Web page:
As defined in an article by Island Sexual Health, gender dysphoria is “a profound and painful discomfort with one’s body and social image of gender.” Gender dysphoria weighs heavily on an individual’s mental health and view of themselves, and can lead to drastic consequences. Colder weather allows for layering, which can help trans individuals dress however they feel comfortable. One of the ways transgender people, especially transmasculine individuals, can utilize gender affirming clothing is by wearing a chest binder. Chest binders are tight, constricting items used to help flatten one’s chest. But, chest binders are already rather uncomfortable and restricting on one’s ribs, chest, and lungs; with hot weather, the discomfort becomes even worse. In an article by GenderGP, it is highlighted that “the health risks associated with binding can be aggravated by hot weather. Dehydration and overheating can both cause shortness of breath, dizziness, and fatigue, all of which are exacerbated by binding, and particularly if you are binding too tightly or for prolonged periods of time.” Sophomore Elliot Stevens notes that “chest binding can limit your breathing when in harsh activities and you should never sleep with one on. They can squish your rib cages and can be dangerous to wear all the time.” Senior Cooper Laszlo comments similarly, “I know people who have used one incorrectly for a long period of time and have caused permanent damage to their ribs.” With summertime, the tightness of a binder can come with general discomfort as well, like sweating and chafing. While some are willing to sacrifice comfort to still be able to wear their binder, it is discouraging to see that for individuals who want a flatter chest, they have to decide between sitting even more uncomfortably through hot days than colder ones or forgoing their binder entirely. Forgoing the binder might seem like the easier choice so the person can still be comfortable, but, as junior Hunter Young notes, since “chest binders absorb heat and then become super uncomfortable, [taking it off] can feel dysphoric.” There is another aspect to the struggles of chest binding in the summer: swimming. According to FOLX Health, “If your binder is made from a spandex and nylon blend, you can absolutely swim in it. However, you’ll typically want to size up or make sure that your binder is loose enough to not restrict your breathing while you swim.” While having multiple binders for multiple different purposes is not the most accessible, it is still an option. Stevens says that he will wear a “sports bra and a rash guard” while swimming to try and decrease the dysphoria that comes with doing so, but says, “Sometimes that is not enough.” There is no easy way around the hot weather and chest binder dilemma; the choice must be made by oneself and cannot be influenced by any surroundings.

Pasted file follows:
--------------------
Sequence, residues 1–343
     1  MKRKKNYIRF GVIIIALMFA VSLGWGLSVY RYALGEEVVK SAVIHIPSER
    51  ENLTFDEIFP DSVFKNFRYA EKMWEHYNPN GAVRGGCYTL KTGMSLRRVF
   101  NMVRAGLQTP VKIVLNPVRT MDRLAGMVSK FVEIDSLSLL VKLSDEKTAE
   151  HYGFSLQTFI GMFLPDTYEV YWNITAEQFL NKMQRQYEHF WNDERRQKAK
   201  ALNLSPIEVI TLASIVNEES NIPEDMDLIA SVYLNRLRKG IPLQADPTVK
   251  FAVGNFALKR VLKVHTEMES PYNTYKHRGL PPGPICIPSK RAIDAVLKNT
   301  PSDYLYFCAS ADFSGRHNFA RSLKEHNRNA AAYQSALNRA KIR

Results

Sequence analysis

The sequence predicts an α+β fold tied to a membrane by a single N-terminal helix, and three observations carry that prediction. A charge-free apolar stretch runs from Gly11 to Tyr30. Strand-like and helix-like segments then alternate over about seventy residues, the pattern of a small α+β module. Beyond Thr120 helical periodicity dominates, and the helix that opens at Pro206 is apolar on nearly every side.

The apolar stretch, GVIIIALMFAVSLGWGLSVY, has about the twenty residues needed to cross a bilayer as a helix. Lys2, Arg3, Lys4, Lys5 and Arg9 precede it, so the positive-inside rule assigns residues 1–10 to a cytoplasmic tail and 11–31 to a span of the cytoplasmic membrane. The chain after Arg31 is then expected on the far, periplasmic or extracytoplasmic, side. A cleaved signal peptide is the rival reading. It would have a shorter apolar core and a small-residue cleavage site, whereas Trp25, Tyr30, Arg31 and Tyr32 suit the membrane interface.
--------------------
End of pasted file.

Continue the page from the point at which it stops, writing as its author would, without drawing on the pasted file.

For transfeminine people, GenderGP comments, “Transfeminine people may not have to contend with binding in the summer, but you should still look after your chest. As many as 80 percent of women are wearing bras that don’t fit, and trans women are no exception. This might not seem like a problem, but ill-fitting bras can lead to back, neck and shoulder pain, and tightness of breath.” Binding may not be the problem, but that does not mean that there are no challenges that transfeminine people face. Transgender women or feminine presenting individuals must find a way to affirm their identities comfortably as the weather gets hotter. The Trans Youth Equality Foundation lists potential options for transfeminine people: “High waisted bikini bottoms can both create a curvier figure and also conceal any bulge…. Bikini tops with underwire can help lift even minimal breast development. Consider using soft pads to create a fuller chest if you are an older youth and wish to do so…. Adhesive breast forms are possible to wear under bikinis that offer more coverage on top…. Swimsuits with horizontal lines on the hips can create the appearance of wider hips.” Also known as “tucking,” many trans femme people will tuck to create a flatter appearance of their pelvis and rid of any bulge. This can be done in many ways, but it is commonly done with tape especially made for the purpose of tucking. Another option is to purchase a gaff or a swim gaff. A gaff is, essentially, a unique type of compression underwear. There are many options of material and sizes, and at the end of the day, purchasing clothing to tackle gender dysphoria is up to the individual and what makes them comfortable. Whether you are transmasculine, transfeminine, nonbinary, or just do not identify with your gender assigned at birth in some way, hot weather and the problems it can present do not make you any less valid. Your comfort is the most important thing, and the opinions of others – while way easier said than done – must not influence what you choose to wear in order to affirm your identity. You deserve to feel as safe and affirmed as you possibly can every single day, no matter what.